Brent crude was at $64.62 per barrel at 1424 GMT, up $1.01 from its previous close.
U.S. West Texas Intermediate (WTI) crude futures were at $60.95 a barrel, up 83 cents.
Brent even turned what would have been its second consecutive weekly loss into a slight weekly rise of 0.4 percent over the course of Friday. WTI stayed in negative territory for the second week running, falling around 0.4 percent.
Analysts warned after two days of sell-offs that the broader market outlook remained bearish due in large part to rising U.S. inventories and production.
"After all, it is attractive to drill for shale oil at prices above $60," they said in a note.
Unlike Middle East producers, where output is largely dictated by state-owned oil companies, U.S. producers drill and sell purely based on economics. If prices remain at current levels or rise further, U.S. drillers are profitable and will raise output; if prices stumble, U.S. production will fall.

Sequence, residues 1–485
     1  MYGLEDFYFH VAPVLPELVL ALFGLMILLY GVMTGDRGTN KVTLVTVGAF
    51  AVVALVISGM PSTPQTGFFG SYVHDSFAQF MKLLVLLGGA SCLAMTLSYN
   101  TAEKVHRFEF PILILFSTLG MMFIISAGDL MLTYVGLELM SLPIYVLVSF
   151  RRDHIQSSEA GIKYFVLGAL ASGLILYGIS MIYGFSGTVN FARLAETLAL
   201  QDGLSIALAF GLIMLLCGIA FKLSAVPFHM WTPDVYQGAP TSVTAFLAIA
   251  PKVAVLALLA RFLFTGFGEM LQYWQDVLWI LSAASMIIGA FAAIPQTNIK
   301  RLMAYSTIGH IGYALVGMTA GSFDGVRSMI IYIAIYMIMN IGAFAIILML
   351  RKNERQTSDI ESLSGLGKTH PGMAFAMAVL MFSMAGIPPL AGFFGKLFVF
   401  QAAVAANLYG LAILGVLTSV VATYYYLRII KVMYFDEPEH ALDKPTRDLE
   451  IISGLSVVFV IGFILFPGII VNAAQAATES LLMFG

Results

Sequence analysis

Elsewhere, Libya's 70,000 barrels per day El Feel oilfield stayed shut despite the Petroleum Facilities Guard saying it had reached a deal to reopen it, according to a field engineer and local mediator.
As much as production, oil prices will also depend on demand. Here, there are signs of a slowdown, although much of this could be seasonal as the northern hemisphere winter ends.
(additional reporting by Henning Gloystein in Singapore; editing by Mark Heinrich)
(Only the headline and picture of this report may have been reworked by the Business Standard staff; the rest of the content is auto-generated from a syndicated feed.)